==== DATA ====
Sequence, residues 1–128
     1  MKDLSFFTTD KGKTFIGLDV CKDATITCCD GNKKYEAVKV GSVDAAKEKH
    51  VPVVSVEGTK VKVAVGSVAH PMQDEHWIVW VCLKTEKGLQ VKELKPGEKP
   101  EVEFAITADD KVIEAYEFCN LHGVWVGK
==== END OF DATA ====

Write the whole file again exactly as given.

Sequence, residues 1–128
     1  MKDLSFFTTD KGKTFIGLDV CKDATITCCD GNKKYEAVKV GSVDAAKEKH
    51  VPVVSVEGTK VKVAVGSVAH PMQDEHWIVW VCLKTEKGLQ VKELKPGEKP
   101  EVEFAITADD KVIEAYEFCN LHGVWVGK